The poor free-throw shooting (14 of 25) bothered Majerus afterward, especially considering they have been so hot at the line lately, making an astounding 85 percent over the last eight games. Jacobson, who missed some key free throws in last week's loss to Colorado State, also felt bad.

"I feel terrible about my misses," he said. "I jeopardized the success of the team and it's something I've got to remedy. I think we'll all be better from the line tomorrow."

For the Falcons, their season ended at 12-16, their best record in 15 years. They're making progress under Scott, but it's still tough losing all the close games.

"It's frustrating," said Gerlach. "In the past couple of years we've had a lot of games like that. It hurts — that's the bottom line."

GAME NOTES: This marks the second straight year the Utes will meet the Rebels in the semifinals. Last year UNLV prevailed 76-70 . . . Only 15 players played in the game as the Utes used just eight players and the Falcons seven. Kuhle played all 40 minutes, while Jacobson led Utah with 36 minutes . . . Tim Drisdom only played 19 minutes, but led his team with seven rebounds. With Marc Jackson getting six, it meant the Ute point guards had nearly half of the team's 28 rebounds.

In other Mountain West tournament games Thursday:

COLORADO STATE 74, WYOMING 71: The sixth-seeded Rams upset the No. 3 Cowboys in a back-and-forth battle where the lead changed 20 times. CSU connected on all 10 free-throw attempts in the final three minutes for the victory.

Trailing 68-66 with 1:29 left, the Rams used two free throws each from Matt nelson, Andy Birley, Derrick Stevens and Brian Greene for the victory. A would-be game-tying 3-pointer from the Cowboys' Donta Richardson missed at the buzzer.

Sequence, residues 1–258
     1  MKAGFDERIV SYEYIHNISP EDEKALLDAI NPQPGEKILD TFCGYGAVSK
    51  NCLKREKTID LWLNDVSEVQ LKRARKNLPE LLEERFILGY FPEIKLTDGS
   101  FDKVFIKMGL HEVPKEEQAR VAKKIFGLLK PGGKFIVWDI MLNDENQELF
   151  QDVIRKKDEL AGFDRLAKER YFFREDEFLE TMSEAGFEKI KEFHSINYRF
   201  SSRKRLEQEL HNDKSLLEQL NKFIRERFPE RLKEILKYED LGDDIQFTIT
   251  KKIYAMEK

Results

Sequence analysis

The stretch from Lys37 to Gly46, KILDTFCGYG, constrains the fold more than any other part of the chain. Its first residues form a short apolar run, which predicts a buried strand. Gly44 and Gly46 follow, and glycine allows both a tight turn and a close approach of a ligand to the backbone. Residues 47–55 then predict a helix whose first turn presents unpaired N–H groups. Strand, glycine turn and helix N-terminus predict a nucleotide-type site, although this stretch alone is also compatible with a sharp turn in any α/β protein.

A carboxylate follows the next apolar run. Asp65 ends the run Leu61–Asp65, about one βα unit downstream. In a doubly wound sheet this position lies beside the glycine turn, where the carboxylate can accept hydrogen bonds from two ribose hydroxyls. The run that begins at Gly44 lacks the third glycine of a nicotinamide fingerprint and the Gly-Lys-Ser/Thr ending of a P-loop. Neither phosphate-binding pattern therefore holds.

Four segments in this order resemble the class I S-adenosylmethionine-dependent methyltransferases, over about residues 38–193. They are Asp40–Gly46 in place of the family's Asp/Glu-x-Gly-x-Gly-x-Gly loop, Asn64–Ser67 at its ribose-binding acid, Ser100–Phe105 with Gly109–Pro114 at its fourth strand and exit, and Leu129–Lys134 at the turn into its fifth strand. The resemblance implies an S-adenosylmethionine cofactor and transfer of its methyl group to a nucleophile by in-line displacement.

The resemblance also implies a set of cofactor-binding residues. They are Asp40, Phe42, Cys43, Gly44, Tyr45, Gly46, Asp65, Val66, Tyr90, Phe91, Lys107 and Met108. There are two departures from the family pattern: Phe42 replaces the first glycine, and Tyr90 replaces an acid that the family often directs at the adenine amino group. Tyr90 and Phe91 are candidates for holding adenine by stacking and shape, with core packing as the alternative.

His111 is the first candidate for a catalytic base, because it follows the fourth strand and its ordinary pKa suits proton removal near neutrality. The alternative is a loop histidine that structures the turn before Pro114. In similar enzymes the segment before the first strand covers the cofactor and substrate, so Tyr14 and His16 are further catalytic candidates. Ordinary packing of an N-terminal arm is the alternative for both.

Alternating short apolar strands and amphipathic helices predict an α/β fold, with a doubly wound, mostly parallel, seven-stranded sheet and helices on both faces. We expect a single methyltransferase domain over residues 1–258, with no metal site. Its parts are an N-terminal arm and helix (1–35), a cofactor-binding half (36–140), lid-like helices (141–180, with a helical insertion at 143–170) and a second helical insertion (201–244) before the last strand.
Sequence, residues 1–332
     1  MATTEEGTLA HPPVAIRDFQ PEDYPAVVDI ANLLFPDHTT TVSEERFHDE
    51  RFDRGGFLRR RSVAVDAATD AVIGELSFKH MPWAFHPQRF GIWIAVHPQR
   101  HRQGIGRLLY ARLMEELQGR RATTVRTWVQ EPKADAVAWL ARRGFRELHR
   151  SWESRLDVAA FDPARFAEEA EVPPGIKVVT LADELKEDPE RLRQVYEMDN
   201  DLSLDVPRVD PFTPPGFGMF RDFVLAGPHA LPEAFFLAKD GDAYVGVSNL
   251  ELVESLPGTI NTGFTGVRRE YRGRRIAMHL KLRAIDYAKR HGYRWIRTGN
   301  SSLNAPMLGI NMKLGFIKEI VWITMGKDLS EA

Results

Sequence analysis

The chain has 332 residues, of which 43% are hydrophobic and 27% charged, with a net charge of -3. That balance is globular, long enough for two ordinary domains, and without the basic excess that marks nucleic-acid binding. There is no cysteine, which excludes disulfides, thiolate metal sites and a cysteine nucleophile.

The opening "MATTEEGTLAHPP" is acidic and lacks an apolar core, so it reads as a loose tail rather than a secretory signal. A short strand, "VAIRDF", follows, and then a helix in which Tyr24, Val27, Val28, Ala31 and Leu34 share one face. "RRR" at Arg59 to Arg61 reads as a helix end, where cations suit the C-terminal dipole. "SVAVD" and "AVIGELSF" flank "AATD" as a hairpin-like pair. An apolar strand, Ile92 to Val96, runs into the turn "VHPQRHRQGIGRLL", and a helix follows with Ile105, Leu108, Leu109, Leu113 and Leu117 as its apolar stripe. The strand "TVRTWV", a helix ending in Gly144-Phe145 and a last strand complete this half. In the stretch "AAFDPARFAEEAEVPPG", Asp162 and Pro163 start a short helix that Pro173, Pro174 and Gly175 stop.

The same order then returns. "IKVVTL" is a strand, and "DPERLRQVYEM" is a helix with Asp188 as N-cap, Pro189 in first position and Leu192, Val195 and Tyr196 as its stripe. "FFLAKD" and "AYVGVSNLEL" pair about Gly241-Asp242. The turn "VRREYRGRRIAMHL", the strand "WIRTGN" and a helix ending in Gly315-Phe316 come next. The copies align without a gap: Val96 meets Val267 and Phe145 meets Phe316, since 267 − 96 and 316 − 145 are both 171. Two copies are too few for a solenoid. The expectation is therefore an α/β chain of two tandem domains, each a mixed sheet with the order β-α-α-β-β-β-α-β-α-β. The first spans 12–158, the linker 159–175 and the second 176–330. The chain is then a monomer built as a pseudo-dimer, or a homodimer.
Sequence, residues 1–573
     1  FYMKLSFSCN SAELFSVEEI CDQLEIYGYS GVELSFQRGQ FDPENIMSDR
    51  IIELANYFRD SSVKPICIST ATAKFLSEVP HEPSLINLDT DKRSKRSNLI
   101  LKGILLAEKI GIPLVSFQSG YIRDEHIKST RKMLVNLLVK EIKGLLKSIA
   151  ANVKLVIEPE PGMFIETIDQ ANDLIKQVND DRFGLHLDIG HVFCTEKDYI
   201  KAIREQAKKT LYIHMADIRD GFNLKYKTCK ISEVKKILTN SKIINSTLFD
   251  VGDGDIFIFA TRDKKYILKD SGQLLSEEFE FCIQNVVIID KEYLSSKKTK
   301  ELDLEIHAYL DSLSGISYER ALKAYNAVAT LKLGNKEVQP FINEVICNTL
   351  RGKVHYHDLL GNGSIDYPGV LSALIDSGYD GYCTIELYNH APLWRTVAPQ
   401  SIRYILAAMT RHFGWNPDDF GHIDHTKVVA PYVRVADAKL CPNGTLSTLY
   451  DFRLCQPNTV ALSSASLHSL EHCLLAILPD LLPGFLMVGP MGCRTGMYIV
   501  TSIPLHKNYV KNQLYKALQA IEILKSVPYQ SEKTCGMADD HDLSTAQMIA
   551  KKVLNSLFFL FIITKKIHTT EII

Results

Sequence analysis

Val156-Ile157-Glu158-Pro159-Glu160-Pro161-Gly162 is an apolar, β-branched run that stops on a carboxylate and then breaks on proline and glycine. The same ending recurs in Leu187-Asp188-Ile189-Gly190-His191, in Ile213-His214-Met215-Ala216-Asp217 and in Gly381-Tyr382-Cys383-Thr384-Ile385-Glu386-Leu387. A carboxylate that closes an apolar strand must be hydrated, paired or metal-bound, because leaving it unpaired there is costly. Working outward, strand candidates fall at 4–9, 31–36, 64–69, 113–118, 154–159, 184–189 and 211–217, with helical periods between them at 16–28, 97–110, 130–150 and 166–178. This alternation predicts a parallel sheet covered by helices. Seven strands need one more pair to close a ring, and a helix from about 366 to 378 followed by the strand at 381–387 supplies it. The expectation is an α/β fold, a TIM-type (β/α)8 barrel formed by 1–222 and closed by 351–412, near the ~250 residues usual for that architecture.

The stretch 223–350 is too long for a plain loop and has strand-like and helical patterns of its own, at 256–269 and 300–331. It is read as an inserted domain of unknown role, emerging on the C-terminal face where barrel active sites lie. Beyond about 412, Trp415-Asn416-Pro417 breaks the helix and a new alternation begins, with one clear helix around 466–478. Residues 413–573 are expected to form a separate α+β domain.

Nelson led all scorers with 25 points, while Greene added 14 and Ronnie Clark 10. Four Wyoming players finished in double figures, paced by 20 from center Uche Nsonwu-Amadi and 17 from Richardson.

CSU (17-13 overall) advances to meet BYU in Friday's semifinals. Wyoming (20-10) is considered a "bubble team" for NCAA Tournament participation.

UNLV 83, SAN DIEGO ST. 67: Marcus Banks had 22 points, seven assists and six steals to lead No. 4 seed UNLV past No. 5 seed San Diego State 83-67 Thursday night. UNLV (20-9) now plays top-seeded Utah in the semifinals Friday night, while Colorado State plays BYU in the first semifinal.

Tony Bland led San Diego State (15-13), with 17 points and five assists.

UNLV led by as many as 11 in the first half and led 41-32 at halftime. The Rebels pulled away in the second half, building three 18-point leads, the last at 67-49 with 6:49 to play.

San Diego State cut the lead to 70-59 with 4:47 left, but got no closer.

UNLV outscored San Diego State 44-26 in the paint and made 55.8 percent of its shots.

Banks went 11-for-11 from the free throw line and UNLV made 21-of-27 free throws as a team.

James Peters added 19 points for UNLV and Jermaine Lewis had 16 points and six assists.